There is a ton of former office equipment on the market now that’s perfectly usable, replaced only because corporate policy mandates that computers get replaced every three or four years. As long as the hard drive gets replaced, or at the very least reformatted and Windows is freshly reinstalled, these PCs will make very good home computers for a very long time.

They make terrible gaming rigs, although with a better video card you can do some light gaming with them (my Evo 510 runs Railroad Tycoon 3 and Baseball Mogul 2008 just fine).
For word processing, e-mail, and web browsing, they’re all you need.

I put a better video card in it anyway, to free up the memory that the onboard video was using. I put in a $10 Nvidia TNT2 card in it that came out of an old IBM. I got it off Craigslist too.

If anything, I’m more comfortable with Mom having something like this than I would be with her buying a new Compaq Presario or HP Pavilion because it’s made with better components.

If you have an aging Windows 98 computer, this is a good time to upgrade to something a little bit newer. You should be able to get a former business computer with a 2 GHz Pentium 4 running Windows XP for less than $200. It will be money well spent, in any case.

Mom will be happier because she’ll have a much faster and more reliable computer. I’ll be happier because if I play my cards right, I’ll never see Windows 98 again.

Upgrading my mother in law’s Compaq Presario S5140WM

About the time my wife and I started dating, my mother-in-law bought a new computer. With an Athlon XP 2600+, that Compaq ought to be faster than anything I own. Even though it’s almost three years old now, it ought to still be pretty good.

It wasn’t. I fixed that.It has the Compaq name on the front but anymore that doesn’t mean much of anything. It’s a clone made in the Far East, with bog standard parts inside. When I visited earlier this month, she complained about its speed. I couldn’t find anything obviously wrong, but I checked the memory usage. It was over 250K with nothing loaded. Not good.

I happen to know the F-Secure-based security suite her ISP issued her can use nearly 256 megs all by itself sometimes. Not good.

So I paid a visit and ordered her 512 megs of memory. For 35 bucks, shipping included, why not? It’s overkill, but memory requirements are going to go up before they go down, and there was little point in buying half as much memory for 10 bucks less.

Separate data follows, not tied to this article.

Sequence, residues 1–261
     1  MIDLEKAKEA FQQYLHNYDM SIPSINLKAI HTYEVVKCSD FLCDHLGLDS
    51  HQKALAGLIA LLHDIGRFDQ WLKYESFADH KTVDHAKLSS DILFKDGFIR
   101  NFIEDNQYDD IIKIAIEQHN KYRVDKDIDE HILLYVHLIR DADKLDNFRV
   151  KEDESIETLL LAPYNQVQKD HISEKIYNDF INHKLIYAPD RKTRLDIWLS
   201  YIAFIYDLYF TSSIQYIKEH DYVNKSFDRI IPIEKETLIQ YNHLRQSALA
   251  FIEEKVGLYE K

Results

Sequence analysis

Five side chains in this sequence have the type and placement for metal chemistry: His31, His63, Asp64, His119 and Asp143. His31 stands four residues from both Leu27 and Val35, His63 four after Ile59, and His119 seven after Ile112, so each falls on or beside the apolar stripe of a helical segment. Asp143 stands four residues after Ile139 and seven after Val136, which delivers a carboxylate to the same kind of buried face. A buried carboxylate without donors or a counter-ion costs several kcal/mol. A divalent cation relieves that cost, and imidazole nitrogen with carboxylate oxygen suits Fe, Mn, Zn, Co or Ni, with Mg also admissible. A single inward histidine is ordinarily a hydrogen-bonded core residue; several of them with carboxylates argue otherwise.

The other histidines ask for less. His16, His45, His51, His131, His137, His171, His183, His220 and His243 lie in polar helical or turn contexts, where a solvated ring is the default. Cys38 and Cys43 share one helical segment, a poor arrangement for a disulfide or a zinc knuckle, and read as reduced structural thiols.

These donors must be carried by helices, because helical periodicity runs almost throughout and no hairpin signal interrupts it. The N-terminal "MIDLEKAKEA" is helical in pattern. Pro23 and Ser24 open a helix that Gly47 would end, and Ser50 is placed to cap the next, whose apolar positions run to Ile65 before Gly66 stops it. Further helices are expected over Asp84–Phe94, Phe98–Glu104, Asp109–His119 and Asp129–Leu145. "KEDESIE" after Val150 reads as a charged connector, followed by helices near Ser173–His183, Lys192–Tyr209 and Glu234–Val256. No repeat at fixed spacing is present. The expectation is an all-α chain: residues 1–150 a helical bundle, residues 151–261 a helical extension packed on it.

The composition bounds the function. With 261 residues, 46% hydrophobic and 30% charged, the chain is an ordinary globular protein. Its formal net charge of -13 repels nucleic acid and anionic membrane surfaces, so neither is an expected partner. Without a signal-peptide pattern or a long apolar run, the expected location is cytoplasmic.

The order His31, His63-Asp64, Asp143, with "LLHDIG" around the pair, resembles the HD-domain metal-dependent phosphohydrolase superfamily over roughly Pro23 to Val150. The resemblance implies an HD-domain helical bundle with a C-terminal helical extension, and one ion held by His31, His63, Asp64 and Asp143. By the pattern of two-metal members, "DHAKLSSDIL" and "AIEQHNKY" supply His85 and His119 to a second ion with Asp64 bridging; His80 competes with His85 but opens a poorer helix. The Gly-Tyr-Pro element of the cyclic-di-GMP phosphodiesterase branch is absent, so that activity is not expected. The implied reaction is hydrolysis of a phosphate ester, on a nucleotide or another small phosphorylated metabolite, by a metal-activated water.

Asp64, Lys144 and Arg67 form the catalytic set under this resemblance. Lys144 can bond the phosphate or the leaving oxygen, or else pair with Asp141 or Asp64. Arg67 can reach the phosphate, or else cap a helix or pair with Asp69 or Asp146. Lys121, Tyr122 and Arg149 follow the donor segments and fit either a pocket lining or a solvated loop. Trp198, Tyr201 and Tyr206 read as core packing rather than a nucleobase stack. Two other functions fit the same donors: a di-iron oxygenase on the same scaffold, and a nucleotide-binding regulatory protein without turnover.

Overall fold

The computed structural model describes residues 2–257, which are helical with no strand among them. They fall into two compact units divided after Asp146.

I bought Viking. I prefer Crucial or Kingston, but in my days doing desktop support, the people who insisted on Viking did OK, and it was cheaper the week I ordered it, so I got it. Don’t buy the cheap and nasty no-name stuff; the failure rate on no-name commodity memory has always been very high–somewhere near 30 percent, in my experience, and computers are more sensitive to memory today than they were in 1995 when I got my first job doing desktop support.

When I got the computer open, I saw it has an AGP slot. I really should get an AGP video card to put in the computer. Built-in video steals some system memory, which isn’t a big deal when you have 768 megs, but it also steals memory bandwidth. It’s like that bridge I cross over every day to go to work–it’s normally three lanes, but they have it closed down to two or even one lane some days. So it takes a longer time to get over that bridge. If I put a video card–even my old Nvidia-based card I bought back in 1997, if I could find it–with its own memory in her computer and disabled the onboard video, it would be like reopening that lane, and her CPU would have a full three lanes to work with when accessing memory.

I just checked Ebay, and found an Nvidia TNT2-based card for 99 cents Buy-it-now, with $9 shipping. The shipping is a ripoff, but the seller is probably paying a couple of dollars for the card and making $4 on shipping. At $10, the card is more than anyone needs for word processing and Internet use, and it’s probably better than the built-in video would be for light gaming. It’s a cheap way to soup up a computer like this.

If you can’t afford to buy any memory for this or any other computer with built-in video, but you’re running short on memory, here’s a free upgrade: Go into the BIOS, and set the amount of memory dedicated to the video card as low as you can. In this case, I can go to 8 megs. You won’t be able to run high colors at high resolution after doing this, but if you’re happy with 1024×768, it’ll give your system some memory back and make it a little more peppy.

I sure wish Intel or AMD would steal the old Amiga concept of chip memory, which was a bank of memory that could be used by either the video chip or the main CPU, at the expense of speed of course. But slow memory is still way faster than the swap file. The system just gave priority to the main memory (called fast memory) when it was available. It’s amazing how many good ideas were out there 20 years ago, some of which we’re enjoying today but some of which are sadly lost to history.

And, as always, a newer, faster hard drive is a good way to hot-rod an aging PC if it feels a bit sluggish.

But, $35 worth of RAM and a $10 video card goes a long, long way.

Thinking on Compaq Presario upgrades